I was pretty excited when I got hold of the Merrell Trailgloves as the ‘pre-review’ suggested, but I was also wary that I needed to take them on a much more thorough road test before being able to really review them properly. While there are a few things I still want to try with the shoes, I feel like I’m in a position to start commenting on the shoe, but there will be more for you gear junkies!
I’ll give it to you straight with these shoes, they need persistence. The sole is extremely thin and will take some more getting used to. I tried these out on pretty unforgiving terrain, up in the mountains with plenty of loose rocks and gravel – and my feet paid for it a little. I get the concept, you’re meant to run on your toes, but sometimes that isn’t going to be possible, and when you strike your heel on a rock, man alive does it hurt. I have some bruising on my heels to show for my efforts, and I can see a scenario in the future when there will be a few people wearing these who’ll be visiting the A&E department for a fractured heel.
As I mentioned in the pre-review, on the face of it, these are a very robust shoe considering they fall into the minimalist category. The sole is tough, but very thin. The canvas on the top of the shoe is protected on the toe box and all around the outside of the shoe. I was impressed, given how much you can bend and shape this shoe with your bare hands. The inside is also very well constructed, as in an ideal world, you can wear these without socks. Personally I think you’d either be a nutter, or a hippie to do that. Possibly both.
However, here’s where my issue lies with this shoe. It’s a great shoe for the hippies out there. The guys who don’t mind hobbling their way to a 35 hour+ 100 mile finish. The ones who like to hold hands with other runners and say that they feel at one with nature. I can’t really take this shoe seriously in terms of being able to really race hard in it. Show me a man (or woman) who can and I’ll shake them by the hand. As long as they can smile without wincing after a 100 miles in these things.
Another huge flaw from what I can see is the sole. While tough, it collects a hell of a lot of loose mud on wet surfaces. I ran down what was not an overly muddy track in them. Loose and damp, but not carnage in the slightest. The shoes ability to collect mud is quite remarkable, and as a result I felt like I was on an ice rink as all grip was lost. Seriously, my Nike Frees have a better ability to cope with this type of terrain than the Trailgloves, and that’s not saying a lot.
So, they’re not great on really rocky, hard surfaces (unless you want to spend half your life finishing a race) and they’re not great on muddy-ish ones either. What are they good for? Well I can see that for dry bush tracks, these would be a great shoe, and I really do want to take them out on the Great North Walk here in Sydney as I think they could have potential. But at the moment, I’d be reluctant to take them out on any track that had had a substantial amount of rain and was prone to being muddy.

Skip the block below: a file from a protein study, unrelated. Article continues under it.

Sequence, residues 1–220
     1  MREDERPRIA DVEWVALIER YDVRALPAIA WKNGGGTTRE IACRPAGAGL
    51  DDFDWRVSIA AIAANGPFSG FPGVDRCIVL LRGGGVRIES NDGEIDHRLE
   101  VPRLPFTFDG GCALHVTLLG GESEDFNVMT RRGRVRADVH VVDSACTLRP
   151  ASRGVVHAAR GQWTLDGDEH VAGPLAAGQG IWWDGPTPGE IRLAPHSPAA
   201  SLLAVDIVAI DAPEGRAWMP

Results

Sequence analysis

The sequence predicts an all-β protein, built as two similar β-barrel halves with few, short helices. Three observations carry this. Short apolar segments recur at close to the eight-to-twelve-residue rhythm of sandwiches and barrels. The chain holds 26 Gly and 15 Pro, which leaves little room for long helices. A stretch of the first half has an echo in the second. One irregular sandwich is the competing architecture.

As for the hard rockier surfaces, you can cope of about 20-30kms, but it really does start to grate on your soles after that. Maybe I do need more time with them, and I’m prepared to do that with this shoe as I do believe they have potential, but I think I’m going to make a number of modifications to them to make them more comfortable.
As I said, unless you’re a hippie trying to connect with nature and don’t mind a bit of pain in order to have lots of hugs and congratulations at the end of a race, then fine. However, I wish shoe manufacturers would try to create a happy medium, and it’s here that I implore Nike to make a proper trail version of the Free.
The Free 3.0 is a fantastic shoe. This point was really hammered home to me when I wore them yesterday on my last run over here in NZ after 3 days in the Trailglove. I felt like I was bouncing on air as I glided along the track. But the problem with the Frees is that they’re so flimsy. They’re great for road running and some bush running, but for proper in your face mud, dirt and stones, they get torn to shreds. The soles of the Free are great and perfect for the minimalist trail runner that also wants a bit of protection too. But the rest of a shoe was made as if it were some kind of skinny kid about to succumb to the bullies in the playground – it just withers and dies at the sight of anything remotely tough. Seriously Nike, it really wouldn’t take much to add some protection to the upper layer. In fact, take what Merrell have done with their upper layer and add a Nike Free sole to it – hey presto, the perfect trail shoe for us minimalist non-hippies out there.
Anyway, I digress away from the review at hand. This is a very comfortable shoe to wear. It feels good on the foot, the fitting is nice and the toe-box is large too, allowing for the feet to splay around if need be and you like that sort of thing. What I think I will do though, to overcome this rather thin heel is to add some insoles to the shoe. I don’t know about you guys, but I need a bit of protection on my heels for that odd time when the heel does have to make contact with the earth, as it invariably does in a race or training. Maybe I’m a wuss, but I’m not prepared to tippy toe my way through a 100 miler and seriously consider racing it in them in their current form.
So the trial continues people, I’ll let you know how my modifications go, and you can read about it in the next instalment of the Trailglove review… I want these to work, I really do. They have potential, but they need time… to be continued…